The big turning point came when I started to understand Pinterest. I spent a few frustrating weeks on the platform, then it finally started paying dividends.

I went from about 100 sessions a day to 1,000, which was huge for me at the time.

How did you get to 3 million monthly viewers on Pinterest?

the ways to wealth pinterest 3 million monthly views

I lay out my Pinterest strategy here. But at the core the idea is to:

1) Write high-quality content that Pinners want to click through, read, and share.

2) Pin to my own and high-quality group boards, with a keyword-rich description.

3) Continue to Pin my best pins across my own boards/group boards, ruthlessly eliminating Pins that don’t perform well.

One thing to keep in mind is impressions don’t mean much on Pinterest. What counts are clicks to your website. So, you want to design not for impressions but clicks.

What aspects of the online business are you outsourcing or automating and how?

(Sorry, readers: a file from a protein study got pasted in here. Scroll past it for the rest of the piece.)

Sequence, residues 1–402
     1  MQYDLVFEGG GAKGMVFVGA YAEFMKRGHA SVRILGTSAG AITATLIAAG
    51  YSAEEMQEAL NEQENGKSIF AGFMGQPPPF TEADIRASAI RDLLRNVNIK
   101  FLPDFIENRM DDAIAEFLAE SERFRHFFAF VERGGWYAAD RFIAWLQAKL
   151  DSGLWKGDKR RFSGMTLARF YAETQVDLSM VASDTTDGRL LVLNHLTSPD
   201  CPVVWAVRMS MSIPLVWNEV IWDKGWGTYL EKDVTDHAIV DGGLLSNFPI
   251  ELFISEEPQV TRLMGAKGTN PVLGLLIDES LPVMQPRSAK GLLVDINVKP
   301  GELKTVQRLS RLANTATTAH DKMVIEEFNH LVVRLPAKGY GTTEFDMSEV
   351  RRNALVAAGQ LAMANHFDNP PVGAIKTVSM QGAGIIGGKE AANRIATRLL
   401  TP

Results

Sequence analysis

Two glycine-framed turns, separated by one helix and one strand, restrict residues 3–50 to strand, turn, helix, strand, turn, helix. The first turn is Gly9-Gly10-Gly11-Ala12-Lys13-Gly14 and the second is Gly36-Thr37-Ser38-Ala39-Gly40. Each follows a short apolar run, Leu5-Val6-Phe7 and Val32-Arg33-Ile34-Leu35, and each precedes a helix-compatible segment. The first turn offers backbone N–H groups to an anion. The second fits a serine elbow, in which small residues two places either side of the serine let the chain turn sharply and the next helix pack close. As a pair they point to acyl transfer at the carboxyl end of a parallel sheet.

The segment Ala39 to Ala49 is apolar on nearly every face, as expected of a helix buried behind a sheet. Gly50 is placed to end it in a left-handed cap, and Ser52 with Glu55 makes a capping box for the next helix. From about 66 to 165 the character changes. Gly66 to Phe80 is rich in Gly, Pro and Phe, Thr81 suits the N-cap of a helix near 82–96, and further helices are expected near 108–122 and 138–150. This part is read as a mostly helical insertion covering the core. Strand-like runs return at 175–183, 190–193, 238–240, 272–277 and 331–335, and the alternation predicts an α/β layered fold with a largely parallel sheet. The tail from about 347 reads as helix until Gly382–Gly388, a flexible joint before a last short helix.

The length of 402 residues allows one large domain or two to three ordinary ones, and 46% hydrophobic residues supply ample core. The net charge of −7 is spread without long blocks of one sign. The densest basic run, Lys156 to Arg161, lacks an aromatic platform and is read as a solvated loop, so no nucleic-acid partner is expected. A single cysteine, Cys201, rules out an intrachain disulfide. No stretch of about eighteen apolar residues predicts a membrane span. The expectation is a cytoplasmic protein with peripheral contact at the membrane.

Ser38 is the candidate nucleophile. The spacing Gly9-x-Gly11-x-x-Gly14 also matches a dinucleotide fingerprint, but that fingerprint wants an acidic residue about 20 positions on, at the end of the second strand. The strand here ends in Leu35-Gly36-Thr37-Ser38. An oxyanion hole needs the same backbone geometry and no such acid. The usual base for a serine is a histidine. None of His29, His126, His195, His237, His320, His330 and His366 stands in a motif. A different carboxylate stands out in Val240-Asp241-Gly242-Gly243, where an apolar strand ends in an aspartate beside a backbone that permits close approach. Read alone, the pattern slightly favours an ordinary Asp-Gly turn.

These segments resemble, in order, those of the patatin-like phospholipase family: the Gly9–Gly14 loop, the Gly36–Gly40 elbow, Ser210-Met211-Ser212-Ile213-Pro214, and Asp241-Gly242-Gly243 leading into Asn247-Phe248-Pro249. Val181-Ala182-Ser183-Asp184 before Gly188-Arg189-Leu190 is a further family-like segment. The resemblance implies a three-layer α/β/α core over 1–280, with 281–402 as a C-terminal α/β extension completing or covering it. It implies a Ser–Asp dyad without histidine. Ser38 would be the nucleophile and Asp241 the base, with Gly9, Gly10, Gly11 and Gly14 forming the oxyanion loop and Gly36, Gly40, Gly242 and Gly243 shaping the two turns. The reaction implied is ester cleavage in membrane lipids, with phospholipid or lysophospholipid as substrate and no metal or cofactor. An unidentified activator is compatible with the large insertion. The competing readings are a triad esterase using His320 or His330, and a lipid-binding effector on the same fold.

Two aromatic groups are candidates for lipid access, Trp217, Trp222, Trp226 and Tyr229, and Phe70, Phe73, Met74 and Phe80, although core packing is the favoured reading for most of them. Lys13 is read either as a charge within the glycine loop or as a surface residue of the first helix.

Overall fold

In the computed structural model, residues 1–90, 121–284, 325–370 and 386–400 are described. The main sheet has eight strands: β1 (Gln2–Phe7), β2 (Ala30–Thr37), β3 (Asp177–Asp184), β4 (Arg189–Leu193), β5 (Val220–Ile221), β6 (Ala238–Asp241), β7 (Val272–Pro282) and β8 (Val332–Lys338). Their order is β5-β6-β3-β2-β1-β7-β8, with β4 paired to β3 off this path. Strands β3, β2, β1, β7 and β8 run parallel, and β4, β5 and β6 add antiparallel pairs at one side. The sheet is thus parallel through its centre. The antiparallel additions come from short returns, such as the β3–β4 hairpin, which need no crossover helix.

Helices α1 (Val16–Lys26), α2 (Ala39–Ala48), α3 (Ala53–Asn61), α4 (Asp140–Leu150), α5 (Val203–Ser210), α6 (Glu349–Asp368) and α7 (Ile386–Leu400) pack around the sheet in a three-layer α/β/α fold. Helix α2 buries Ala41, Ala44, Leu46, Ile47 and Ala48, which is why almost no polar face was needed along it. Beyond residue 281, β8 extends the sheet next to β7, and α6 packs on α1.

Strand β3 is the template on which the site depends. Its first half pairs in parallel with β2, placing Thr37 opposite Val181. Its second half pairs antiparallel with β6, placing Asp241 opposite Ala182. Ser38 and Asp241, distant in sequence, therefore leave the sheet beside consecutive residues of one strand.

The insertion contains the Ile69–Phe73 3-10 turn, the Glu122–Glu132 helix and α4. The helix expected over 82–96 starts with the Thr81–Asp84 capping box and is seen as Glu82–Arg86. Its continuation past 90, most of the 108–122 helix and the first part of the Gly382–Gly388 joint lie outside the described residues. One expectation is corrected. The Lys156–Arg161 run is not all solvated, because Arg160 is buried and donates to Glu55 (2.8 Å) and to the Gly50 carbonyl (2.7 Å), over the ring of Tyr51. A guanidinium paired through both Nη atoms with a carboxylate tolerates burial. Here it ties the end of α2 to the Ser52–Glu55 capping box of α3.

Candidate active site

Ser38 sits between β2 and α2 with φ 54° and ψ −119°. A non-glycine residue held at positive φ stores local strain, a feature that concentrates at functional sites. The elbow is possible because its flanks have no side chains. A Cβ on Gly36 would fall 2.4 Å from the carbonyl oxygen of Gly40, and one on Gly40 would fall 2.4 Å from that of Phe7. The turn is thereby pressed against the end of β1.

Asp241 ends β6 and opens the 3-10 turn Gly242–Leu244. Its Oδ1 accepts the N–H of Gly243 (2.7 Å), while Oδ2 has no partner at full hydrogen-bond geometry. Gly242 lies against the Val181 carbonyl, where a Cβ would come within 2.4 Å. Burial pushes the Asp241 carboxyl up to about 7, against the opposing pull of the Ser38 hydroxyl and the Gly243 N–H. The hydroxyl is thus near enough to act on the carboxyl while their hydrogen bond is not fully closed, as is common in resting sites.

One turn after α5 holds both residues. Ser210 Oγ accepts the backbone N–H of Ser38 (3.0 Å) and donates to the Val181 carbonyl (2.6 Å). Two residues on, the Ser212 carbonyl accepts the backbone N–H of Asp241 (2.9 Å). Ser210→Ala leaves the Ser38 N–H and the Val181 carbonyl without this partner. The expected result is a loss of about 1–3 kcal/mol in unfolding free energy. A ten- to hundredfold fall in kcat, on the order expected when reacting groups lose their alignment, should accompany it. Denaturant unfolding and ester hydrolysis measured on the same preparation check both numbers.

The first thing I outsourced was Pinterest design. I’ll design about 30-40 pins a month, so this was big time saver for me.

Of course, it took some work to get going. At first, I hired 5 or so people on Fiverr. I found one decent designer but the work quality deteriorated over time.

I then went to Upwork and posted a job for a  graphic designer. I found a great team down in Argentina, who I’m very happy with.

I’m currently experimenting with working with a ghostwriter. A few of my latest posts have been transcribed from my recording, with the ghostwriter making sense of it all.

I can compile about 3 posts in 90 minutes, then take another 90 or so minutes to prepare them. Saving me around 3-4 hours per post this way.

What’s your main income stream and why do you think it works for you?

My main source of income for the blog is affiliate revenue. It works because the partners I do have are high-quality businesses, who deliver value and solve real problems. This makes it easy to naturally link to such a partner.

When did you start making more than $10K/month and what was the turning point?